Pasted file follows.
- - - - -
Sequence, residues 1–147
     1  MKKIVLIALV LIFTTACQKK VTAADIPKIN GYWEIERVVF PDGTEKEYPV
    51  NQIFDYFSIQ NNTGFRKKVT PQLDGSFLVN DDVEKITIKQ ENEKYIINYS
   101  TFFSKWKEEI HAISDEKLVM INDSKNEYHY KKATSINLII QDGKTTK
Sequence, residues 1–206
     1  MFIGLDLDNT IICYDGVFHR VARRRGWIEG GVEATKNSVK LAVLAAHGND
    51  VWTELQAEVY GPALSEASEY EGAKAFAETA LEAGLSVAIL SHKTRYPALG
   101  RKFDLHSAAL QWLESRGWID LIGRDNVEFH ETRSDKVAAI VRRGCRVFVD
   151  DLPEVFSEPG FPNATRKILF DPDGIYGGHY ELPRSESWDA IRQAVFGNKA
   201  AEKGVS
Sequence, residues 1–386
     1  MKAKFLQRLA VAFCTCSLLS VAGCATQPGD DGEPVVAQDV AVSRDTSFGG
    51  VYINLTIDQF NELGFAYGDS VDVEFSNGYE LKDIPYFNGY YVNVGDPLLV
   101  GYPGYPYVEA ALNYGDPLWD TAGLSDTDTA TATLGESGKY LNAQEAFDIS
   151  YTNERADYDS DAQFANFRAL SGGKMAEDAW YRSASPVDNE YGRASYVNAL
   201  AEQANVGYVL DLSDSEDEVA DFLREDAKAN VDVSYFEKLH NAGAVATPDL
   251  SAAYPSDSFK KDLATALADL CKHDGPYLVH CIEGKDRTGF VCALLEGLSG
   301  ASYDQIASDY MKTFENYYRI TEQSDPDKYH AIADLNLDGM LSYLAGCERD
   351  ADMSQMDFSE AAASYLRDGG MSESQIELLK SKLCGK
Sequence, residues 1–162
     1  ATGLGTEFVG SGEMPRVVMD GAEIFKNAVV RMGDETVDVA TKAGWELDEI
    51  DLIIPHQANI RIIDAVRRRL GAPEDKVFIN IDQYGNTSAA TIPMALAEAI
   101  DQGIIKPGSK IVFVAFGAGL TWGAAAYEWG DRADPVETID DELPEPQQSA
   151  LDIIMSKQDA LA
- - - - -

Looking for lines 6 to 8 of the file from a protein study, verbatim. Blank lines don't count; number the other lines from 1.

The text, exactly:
     1  MFIGLDLDNT IICYDGVFHR VARRRGWIEG GVEATKNSVK LAVLAAHGND
    51  VWTELQAEVY GPALSEASEY EGAKAFAETA LEAGLSVAIL SHKTRYPALG
   101  RKFDLHSAAL QWLESRGWID LIGRDNVEFH ETRSDKVAAI VRRGCRVFVD